Sunday, September 07, 2008

World's biggest nationalisation?

According to the Times, The Bush Administration has injected US$200 Billion of US taxpayers' money into the Federal National Mortgage Administration (Fannie Mae) and the Federal Home Loan Mortgage Corporation (Freddie Mac), at the same time as it has taken over the companies, replaced the chief executives and suspended dividends to the private shareholders.

Both companies finance more than 80% of the US housing market, what this means is a massive subsidy for US homeowners. Future taxpayers (as the US is in budget deficit) will pay to prop up the property market now.

Reuters reports Barack Obama supports it as being necessary, but welcomingly said "In our market system, investors must not be allowed to believe that they can invest in a "heads they win, tails they don't lose" situation." Which of course, is what has happened.

It also reports John McCain also supports it, but also this:

""The long-term reforms are to scale down Fannie and Freddie so their size is no longer a threat. And then privatize them. Get them off the taxpayer's books entirely," said McCain's chief economic adviser, Douglas Holtz-Eakin.".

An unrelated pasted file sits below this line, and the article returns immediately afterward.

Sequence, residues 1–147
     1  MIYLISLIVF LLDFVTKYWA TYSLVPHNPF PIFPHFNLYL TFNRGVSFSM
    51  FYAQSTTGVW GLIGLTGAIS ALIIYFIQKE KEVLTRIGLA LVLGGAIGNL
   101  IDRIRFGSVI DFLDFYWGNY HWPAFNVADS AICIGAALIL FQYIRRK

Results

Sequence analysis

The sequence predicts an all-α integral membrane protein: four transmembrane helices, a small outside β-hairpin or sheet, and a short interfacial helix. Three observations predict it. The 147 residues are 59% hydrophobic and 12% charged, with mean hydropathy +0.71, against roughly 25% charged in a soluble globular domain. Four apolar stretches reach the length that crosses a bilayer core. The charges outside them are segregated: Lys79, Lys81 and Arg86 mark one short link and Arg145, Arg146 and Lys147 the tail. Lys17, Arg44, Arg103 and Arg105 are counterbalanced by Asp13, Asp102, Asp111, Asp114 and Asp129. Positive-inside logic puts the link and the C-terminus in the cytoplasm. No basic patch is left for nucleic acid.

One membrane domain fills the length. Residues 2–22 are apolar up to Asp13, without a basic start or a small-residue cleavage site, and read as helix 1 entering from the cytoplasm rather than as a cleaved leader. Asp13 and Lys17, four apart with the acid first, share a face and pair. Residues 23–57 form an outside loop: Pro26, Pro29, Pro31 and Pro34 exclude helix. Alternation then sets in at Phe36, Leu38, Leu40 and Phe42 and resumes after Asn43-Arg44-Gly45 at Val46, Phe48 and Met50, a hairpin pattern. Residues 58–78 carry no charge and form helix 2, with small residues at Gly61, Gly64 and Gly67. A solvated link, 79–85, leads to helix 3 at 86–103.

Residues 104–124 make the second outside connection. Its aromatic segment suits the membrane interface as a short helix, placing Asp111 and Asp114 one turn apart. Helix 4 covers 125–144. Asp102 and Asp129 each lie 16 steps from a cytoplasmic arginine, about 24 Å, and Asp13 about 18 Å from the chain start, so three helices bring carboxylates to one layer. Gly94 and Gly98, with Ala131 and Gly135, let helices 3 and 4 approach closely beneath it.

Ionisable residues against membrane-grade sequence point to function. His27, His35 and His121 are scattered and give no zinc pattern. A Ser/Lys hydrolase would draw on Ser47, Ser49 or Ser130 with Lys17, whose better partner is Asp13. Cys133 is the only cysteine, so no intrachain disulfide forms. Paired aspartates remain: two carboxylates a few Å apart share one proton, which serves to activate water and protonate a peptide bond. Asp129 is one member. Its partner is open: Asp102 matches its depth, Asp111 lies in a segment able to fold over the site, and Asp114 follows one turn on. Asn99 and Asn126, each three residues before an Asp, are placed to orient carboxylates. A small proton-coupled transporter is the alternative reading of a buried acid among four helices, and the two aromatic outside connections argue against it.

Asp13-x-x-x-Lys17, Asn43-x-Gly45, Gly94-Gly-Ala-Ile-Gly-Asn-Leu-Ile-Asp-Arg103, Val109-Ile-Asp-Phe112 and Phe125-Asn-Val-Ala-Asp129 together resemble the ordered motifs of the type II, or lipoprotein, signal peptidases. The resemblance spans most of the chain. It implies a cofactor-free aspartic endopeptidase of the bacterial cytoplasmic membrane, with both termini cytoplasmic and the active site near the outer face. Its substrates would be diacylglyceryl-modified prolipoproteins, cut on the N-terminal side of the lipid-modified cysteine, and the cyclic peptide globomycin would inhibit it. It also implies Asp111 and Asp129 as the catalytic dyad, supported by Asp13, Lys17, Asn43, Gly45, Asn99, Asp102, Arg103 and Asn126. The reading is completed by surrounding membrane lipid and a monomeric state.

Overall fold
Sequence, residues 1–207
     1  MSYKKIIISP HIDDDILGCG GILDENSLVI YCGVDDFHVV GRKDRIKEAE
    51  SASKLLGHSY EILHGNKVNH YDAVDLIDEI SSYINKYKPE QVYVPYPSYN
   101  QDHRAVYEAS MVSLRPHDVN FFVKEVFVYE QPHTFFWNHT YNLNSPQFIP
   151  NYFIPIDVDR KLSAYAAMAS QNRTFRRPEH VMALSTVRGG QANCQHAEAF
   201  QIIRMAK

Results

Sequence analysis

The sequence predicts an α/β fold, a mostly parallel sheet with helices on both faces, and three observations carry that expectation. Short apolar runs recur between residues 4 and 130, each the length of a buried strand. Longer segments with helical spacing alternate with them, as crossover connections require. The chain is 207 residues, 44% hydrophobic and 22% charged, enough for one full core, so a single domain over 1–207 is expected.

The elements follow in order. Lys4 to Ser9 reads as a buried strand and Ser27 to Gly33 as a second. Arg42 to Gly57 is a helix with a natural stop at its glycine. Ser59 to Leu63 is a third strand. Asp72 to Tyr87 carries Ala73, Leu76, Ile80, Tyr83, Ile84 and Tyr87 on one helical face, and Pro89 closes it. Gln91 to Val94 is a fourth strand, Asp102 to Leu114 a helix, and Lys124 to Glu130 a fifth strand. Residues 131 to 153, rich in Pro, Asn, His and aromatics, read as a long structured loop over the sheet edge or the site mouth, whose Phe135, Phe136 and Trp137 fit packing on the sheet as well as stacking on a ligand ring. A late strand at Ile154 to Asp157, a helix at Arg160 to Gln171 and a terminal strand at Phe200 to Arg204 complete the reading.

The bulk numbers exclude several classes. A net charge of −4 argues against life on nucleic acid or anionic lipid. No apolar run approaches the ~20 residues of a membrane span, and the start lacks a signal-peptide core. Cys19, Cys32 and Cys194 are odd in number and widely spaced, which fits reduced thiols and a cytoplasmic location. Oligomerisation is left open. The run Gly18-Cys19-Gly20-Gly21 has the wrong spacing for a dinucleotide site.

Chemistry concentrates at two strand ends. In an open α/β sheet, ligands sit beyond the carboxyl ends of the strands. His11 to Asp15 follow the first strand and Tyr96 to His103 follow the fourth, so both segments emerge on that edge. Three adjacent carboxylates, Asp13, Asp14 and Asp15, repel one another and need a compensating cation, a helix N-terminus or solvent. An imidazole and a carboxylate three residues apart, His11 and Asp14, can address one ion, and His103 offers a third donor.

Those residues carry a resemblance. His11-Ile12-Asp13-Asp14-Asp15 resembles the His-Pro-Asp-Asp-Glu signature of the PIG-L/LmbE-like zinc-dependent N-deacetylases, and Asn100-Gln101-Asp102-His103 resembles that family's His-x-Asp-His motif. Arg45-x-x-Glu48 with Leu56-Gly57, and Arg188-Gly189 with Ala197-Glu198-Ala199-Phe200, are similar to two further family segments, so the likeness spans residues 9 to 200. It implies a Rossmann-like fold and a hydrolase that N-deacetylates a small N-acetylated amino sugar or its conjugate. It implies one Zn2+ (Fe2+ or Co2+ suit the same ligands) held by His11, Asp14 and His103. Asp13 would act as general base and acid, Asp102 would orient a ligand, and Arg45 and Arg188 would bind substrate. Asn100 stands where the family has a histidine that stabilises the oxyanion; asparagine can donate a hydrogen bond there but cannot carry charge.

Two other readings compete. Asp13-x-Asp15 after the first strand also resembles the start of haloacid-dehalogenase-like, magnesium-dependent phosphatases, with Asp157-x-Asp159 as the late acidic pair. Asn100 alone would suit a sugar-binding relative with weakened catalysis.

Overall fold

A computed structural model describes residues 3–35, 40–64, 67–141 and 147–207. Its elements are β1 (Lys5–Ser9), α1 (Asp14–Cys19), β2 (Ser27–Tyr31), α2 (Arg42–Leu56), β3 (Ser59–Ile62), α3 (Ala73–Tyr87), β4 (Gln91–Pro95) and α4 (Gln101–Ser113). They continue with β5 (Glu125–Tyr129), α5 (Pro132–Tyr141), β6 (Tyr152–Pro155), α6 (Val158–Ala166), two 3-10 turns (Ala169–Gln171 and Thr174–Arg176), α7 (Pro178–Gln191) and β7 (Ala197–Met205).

Meanwhile, according to Bloomberg former Federal Reserve Chairman Alan Greenspan criticises the bailout saying the companies should have been nationalised, given the shareholders nothing and privatised the two companies into many smaller firms.

These two firms were government creations, as part of the New Deal. It's about time the US economy was no longer dependent on them both. As Not PC said, they should have been allowed to fail. Bailing them out is taking money from those who didn't take those risks, it delays and reduces future tax cuts. The money for the bailout does not come from trees, it comes from people.

As Paul Gigot in the Wall Street Journal writes:

"Even now, after all of their dishonesty and failure, Fannie and Freddie could emerge from this taxpayer rescue more powerful than ever. Campaigning to spare taxpayers from that result would represent genuine "change," not that either presidential candidate seems interested."

As it is a fait accompli, the best that can hoped for is to take Greenspan's solution, fully nationalise the institutions, split them and sell them. Ensure these creations of government are returned to the dustbin of history.

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